The next day we went to Second beach, the Hoh Rain forest and Ruby beach then went back to Edmonds. It was an amazing trip. The best part was being with my big brother again.

Tuesday, June 23, 2009

Where To Go?

The last few days Traci and I were engaged in a long discussion has taken our minds to the edges of their not so startlingly limited abilities. We were talking about different areas of the country. We were stuck on where we should take the family next. We had heard all of the great things people have experienced all over the country and we were at a stand still. I needed to start my licensing process soon for a new destination so we started the long discussion and it has continued.

We finished the last few days of our visit with Grandma and Grandpa with more sight-seeing. They explored the Turner Joy destroyer in Bremerton while Grandpa highlighted their tour with a comparison of the boat to his boat when he had been in the Navy. I was disappointed I hadn't been able to go along on the trip. Grandpa had told many tales of Navy life on the high seas in such close quarters.

The next day I was able to be there. We headed down to Seattle to the aquarium and a harbor tour with plans to finish the day at the Salmon House restaurant across Lake Union from Seattle. It was a busy day and we all enjoyed it. The aquarium gave us opportunities to see an octopus, jellyfish, flashlight fish and several marine birds. We had a harbor tour take us from Lake Union to the Puget Sound through the Ballard locks. This was a great chance to see many sides of the city with an exhaustive and somewhat exhausting narrative during the entire trip. The Salmon House was a favorite place to eat. The Ivar's white clam chowder was a cup of hearty magic and the smoked salmon made me forget all of my troubles for fifteen wonderful minutes of gastronomic bliss. We were excited to have the chance to share these delights with Grandma and Grandpa.

A strong voice for a trip to Alaska came from a recent visitor to our trip, Ginny. Olin had e-mailed us and asked if we were going to be around in June. They had plans to visit the area and wanted to see where we lived. We drew them in with our pictures of the view of the Puget Sound from the living room. They arrived on the day Grandma and Grandpa left.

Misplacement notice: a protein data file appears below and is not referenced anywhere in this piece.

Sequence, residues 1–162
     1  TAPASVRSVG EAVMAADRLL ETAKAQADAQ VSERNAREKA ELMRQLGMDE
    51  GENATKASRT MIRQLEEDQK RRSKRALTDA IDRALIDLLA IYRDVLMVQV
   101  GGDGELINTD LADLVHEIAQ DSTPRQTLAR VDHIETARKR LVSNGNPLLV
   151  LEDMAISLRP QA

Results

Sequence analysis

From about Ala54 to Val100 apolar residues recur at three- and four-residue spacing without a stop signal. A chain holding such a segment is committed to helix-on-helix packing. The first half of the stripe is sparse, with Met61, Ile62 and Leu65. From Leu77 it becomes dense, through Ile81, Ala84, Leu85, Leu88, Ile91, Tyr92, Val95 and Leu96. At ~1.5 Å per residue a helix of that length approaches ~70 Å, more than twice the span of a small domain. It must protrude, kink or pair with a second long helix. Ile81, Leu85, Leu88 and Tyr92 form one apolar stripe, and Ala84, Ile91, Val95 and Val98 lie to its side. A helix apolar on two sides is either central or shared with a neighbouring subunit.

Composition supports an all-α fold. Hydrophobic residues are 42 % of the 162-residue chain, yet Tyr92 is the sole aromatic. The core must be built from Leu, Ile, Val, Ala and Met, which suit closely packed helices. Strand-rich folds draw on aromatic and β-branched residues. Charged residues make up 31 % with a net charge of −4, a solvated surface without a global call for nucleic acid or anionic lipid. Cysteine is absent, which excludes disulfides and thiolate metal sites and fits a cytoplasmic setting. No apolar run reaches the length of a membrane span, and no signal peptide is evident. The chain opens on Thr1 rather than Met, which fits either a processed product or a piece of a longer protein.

They had booked a hotel in Seattle and agreed to drive up to Edmonds for a little visit. We walked down to the Thai restaurant in town and learned Olin could speak Thai, limited Thai, but he made the server look twice. We shared stories from our trip and their adventures.
Olin had been to Seattle. He spent a few days in town and grew bored of the local scene deciding to explore the Olympic Peninsula. He ended up hiking up through the Hoh Rain forest to a huge blue glacier. He described the creaking noises the glacier made as it slowly shifted and changed shape. I wanted to see and hear the blue glacier.
Ginny had spent several years in Alaska in small villages out in the bush. She told of her adventures and made a strong pitch for our next destination to be in Alaska. She had us hooked. She had gone through three days with caribou clogging the entire village. The animals had wandered into town and all of the people in town worked around them. She had learned different trades from the members of the community, beading, cleaning animals and fish. We spent the next day scouring available resources and routes to Alaska.
We didn't find a way to make Alaska workable. Traci chastised me for not getting pictures with our Texan cousins.